We’re going to deviate from the star of the film and focus on the rich people in this film for just a minute (after all that’s what this series of blog is about).
This movie is a little odd in that it actually shows two rich people (arguably three if you count Morse’s grandson, but he doesn’t really play that much of a part aside from being likable) who are decent human beings.
Let’s deal with the minor characters first. James Morse, played by lifetime character actor Ralph Bellamy, is the owner of the shipyard which brings our main rich character, Edward Lewis, to L.A. His shipyard which he has clearly built from scratch through his own genius, effort, blood and sweat, is on the financial ropes (the movie was made shortly after the crash of the late ‘80’s when a lot of industries were on the chopping block for creative destruction…which is actually one of the fundamental principles of a functioning capitalist system.) However, Morse’s company is not so flawed that it is as easy a kill as it first looked. And this is where we see the character of Morse. He is not the kind of man who whines about it being unfair—his first reaction to Lewis’ statement that he intends to dismantle his company is “I’ll buy your stock back.” He deals with Lewis fairly and offers to make him a fair deal that says ‘I’m sorry that you didn’t feel your investment in my company has not paid off. I believe in my company, I won’t bother you with emotional outbursts, I’ll deal with you as an adult and offer you a fair exchange.” His next inclination is to fight for his company and put his own money where his mouth is, like any man of character would. And finally when he sees that he facing insurmountable odds he seeks to cut a deal that will leave those who have been loyal to him in a safe position.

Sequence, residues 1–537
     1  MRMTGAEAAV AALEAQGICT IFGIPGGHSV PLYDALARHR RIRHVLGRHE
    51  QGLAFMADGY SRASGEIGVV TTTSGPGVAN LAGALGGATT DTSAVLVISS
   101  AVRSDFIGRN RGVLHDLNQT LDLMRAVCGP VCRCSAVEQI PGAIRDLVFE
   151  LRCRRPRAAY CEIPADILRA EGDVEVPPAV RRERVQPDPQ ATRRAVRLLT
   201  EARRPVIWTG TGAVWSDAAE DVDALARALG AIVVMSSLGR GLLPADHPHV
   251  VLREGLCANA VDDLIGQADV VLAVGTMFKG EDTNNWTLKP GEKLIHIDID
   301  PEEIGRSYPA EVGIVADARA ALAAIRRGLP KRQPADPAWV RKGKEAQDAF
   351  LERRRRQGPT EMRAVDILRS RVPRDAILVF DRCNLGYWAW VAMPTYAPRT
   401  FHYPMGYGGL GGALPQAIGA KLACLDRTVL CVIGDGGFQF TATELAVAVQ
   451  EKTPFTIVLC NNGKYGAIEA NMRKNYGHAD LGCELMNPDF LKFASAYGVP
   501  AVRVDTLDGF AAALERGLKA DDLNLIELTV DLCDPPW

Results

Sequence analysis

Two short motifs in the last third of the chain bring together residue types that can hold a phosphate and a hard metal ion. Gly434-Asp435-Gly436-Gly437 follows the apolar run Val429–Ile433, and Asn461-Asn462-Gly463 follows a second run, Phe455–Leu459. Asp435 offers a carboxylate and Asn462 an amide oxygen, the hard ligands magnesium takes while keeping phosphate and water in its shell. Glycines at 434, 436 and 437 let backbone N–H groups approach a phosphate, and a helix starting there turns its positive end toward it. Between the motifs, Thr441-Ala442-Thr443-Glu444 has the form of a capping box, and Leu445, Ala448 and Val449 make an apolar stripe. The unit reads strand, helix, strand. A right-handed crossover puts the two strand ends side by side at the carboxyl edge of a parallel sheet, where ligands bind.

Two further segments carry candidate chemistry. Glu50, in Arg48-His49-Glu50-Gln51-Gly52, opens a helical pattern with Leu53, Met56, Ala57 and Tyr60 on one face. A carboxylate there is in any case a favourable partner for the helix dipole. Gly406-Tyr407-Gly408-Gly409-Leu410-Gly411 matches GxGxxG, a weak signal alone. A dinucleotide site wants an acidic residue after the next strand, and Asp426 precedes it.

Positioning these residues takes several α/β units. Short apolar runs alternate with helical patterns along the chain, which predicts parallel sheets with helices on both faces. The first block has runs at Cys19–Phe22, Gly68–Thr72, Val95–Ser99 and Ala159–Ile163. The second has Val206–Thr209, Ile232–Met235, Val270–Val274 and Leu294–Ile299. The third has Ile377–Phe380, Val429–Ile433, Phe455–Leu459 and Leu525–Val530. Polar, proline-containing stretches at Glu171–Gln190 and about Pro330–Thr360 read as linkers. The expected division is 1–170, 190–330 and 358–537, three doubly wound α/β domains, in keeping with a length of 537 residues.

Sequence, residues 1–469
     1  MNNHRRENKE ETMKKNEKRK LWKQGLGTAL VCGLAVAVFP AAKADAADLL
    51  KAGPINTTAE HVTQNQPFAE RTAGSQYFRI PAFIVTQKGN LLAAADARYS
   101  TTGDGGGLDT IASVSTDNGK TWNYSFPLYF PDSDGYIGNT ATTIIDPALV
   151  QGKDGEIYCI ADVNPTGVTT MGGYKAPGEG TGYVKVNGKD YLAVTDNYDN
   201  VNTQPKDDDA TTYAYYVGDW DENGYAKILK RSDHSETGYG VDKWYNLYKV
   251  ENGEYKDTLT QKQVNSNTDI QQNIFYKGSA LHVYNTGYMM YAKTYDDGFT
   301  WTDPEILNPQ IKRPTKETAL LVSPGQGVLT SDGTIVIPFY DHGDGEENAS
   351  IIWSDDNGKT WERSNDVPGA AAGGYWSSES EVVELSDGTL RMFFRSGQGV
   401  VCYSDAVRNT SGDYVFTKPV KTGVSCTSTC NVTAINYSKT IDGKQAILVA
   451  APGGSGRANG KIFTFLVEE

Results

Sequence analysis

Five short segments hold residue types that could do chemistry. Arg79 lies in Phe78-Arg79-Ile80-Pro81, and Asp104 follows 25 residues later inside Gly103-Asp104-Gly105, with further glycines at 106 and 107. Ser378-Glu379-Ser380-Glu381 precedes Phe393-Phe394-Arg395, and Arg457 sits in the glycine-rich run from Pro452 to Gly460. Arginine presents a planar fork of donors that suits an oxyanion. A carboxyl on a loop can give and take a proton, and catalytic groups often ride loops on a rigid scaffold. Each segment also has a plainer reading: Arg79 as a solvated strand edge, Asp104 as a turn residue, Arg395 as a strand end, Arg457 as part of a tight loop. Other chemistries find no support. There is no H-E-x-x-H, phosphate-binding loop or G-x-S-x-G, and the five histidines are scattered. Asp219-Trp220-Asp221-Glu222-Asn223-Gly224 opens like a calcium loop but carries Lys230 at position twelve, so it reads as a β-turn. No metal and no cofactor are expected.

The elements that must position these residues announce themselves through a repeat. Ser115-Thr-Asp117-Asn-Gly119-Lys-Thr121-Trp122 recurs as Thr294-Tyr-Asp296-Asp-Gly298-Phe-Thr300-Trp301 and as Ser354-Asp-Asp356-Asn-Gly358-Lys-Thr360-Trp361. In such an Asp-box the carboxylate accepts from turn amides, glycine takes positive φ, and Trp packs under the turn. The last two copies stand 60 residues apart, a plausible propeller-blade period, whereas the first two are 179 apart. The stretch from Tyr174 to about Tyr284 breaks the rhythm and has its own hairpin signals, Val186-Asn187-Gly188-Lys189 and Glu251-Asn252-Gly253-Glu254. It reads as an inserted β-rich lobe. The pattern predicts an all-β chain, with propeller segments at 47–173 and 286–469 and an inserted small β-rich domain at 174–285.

“Mr. Lewis and I are going to build ships together, great big ships.”
Seldom do you see Hollywood portray any of these traits. Often they are depicted as whining, willing to use other’s money and in the end really only caring for themselves. (And sometimes that first trait is viewed as a virtue).
Now onto the movie’s other rich guy, Edward Lewis.* Our first impression of Lewis is that he has problems with his personal relationships, but given the brief but very happy reunion with an ex-girlfriend, who seems to remember him fondly, it is clear that while not a master of personal relationships, he is a very well liked human being. Further at all points when he is honest and blunt with people (except when bluffing about stopping Morse’s defense contracts, but as in all games bluffing is expected).